New year, new state laws: From minimum wage to gender-affirming care

New year, new state laws: From minimum wage to gender-affirming care

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A host of new state laws came into effect across the country Monday, reflecting a national rift on key issues and how to address them that doesn’t seem to be shifting course anytime soon.

Many of the measures are sure to attract criticism and even mockery from their opponents. 

For instance, California now mandates large toy stores to include a gender-neutral aisle, regardless of how individual toys are marketed.

Meanwhile, Texas followed Florida in banning diversity, equity and inclusion (DEI) offices on college campuses.

But some new state laws are in direct opposition to each other, widening the differences in how people in the United States live from state to state.

The minimum wage is rising primarily in 25 states, only seven of which are politically dominated by the GOP. 

The highest minimum wages, at $16.28 and $16 respectively, are now in Washington state and California. The lowest, the federally-mandated $7.25 an hour, is still the law in 20 states, a majority of them controlled by Republicans.

The partisan split is also visible in new laws on reproductive rights and gender-affirming care.

Idaho’s ban on gender-affirming care for minors, enacted in April, is in effect as of Monday, threatening doctors and practitioners with $5,000 fines and felony charges for providing minors with medications or procedures like puberty blockers or sex-reassigning surgeries.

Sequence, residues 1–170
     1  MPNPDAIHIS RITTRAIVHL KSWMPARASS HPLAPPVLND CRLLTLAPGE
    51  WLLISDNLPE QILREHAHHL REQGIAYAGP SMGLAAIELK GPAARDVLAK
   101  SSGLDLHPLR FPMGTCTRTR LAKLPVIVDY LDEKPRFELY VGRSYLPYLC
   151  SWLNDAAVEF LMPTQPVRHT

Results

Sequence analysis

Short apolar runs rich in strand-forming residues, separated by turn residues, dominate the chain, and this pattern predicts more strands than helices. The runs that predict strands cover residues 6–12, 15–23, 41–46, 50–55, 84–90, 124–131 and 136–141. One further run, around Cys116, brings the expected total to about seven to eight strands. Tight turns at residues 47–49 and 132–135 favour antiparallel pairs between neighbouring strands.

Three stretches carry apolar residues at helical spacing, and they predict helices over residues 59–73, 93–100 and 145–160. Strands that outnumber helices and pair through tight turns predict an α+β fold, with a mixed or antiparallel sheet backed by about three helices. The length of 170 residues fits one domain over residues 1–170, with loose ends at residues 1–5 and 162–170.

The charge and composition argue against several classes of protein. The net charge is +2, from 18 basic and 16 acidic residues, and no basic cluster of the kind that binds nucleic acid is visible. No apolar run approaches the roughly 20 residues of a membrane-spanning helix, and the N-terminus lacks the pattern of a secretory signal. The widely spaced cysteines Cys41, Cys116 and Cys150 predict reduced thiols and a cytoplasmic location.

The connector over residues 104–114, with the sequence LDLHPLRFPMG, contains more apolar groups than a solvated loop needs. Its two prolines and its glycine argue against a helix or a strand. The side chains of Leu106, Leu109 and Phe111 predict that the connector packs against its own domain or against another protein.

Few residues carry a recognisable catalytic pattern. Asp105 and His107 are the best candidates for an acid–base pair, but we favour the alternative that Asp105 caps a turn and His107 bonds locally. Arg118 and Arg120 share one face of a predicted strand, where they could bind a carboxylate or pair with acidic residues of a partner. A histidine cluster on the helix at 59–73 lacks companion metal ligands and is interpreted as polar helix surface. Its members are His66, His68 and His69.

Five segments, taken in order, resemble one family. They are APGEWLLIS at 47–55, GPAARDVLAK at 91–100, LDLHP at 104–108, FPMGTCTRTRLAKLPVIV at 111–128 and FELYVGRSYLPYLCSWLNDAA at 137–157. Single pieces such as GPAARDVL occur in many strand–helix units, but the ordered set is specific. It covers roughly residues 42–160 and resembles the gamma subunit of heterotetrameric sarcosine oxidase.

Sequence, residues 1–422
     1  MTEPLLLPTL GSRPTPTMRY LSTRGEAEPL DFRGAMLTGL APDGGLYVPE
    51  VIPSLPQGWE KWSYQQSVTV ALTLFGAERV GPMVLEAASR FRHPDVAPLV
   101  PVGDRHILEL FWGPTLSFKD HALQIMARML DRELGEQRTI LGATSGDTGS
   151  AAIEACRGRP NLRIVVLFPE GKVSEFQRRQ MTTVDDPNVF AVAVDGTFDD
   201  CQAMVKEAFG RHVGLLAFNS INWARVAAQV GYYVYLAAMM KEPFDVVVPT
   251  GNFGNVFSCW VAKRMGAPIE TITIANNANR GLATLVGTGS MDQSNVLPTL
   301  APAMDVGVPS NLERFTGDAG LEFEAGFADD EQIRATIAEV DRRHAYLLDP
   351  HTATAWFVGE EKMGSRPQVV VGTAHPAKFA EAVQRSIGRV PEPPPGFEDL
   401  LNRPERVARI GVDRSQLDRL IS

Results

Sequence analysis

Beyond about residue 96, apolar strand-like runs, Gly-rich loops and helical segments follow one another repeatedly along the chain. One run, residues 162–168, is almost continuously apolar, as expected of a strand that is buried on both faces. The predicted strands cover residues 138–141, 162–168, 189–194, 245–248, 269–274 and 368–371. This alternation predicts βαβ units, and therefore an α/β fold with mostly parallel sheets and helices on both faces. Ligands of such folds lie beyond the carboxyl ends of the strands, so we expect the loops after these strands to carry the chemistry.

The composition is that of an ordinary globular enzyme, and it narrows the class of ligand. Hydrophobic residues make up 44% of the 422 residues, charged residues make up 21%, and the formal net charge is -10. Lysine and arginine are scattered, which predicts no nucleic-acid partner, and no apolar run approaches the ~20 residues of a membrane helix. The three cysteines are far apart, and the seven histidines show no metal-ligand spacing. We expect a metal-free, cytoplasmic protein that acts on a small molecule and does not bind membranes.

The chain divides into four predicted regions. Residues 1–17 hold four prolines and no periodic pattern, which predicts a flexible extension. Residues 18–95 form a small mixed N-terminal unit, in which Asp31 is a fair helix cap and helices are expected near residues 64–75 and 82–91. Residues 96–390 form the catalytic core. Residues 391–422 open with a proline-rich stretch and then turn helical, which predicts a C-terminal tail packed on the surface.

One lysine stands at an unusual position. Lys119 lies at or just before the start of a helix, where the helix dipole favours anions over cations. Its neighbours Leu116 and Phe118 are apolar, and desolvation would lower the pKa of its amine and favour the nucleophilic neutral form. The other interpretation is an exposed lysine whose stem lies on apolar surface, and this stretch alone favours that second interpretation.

Similar laws came into effect Monday in Louisiana and West Virginia, though West Virginia’s law has significant carve-outs for parental consent, concurring medical opinions, or danger of self-harm.

California, on the other hand, will now offer protections to doctors who provide abortions, contraception or gender-affirming care to out-of-state patients, and Maryland will require Medicaid to cover gender-affirming care.

Some blue states now have expanded gun safety regulations — a red flag law is now in effect in Minnesota, meaning families will be able to ask law enforcement to take away individuals’ guns in certain cases.

Michigan’s red flag law comes into effect next month, California is upholding tighter regulations on places where guns are banned, Washington state is expanding its waiting period on gun purchases to all guns, Illinois is banning certain high-powered guns, and Colorado is banning ghost guns.

The new laws are also targeting education.

Illinois now prohibits book bans, singling out a partisan battleground where the left takes freedom of expression as its banner, and the right champions the protection of minors.

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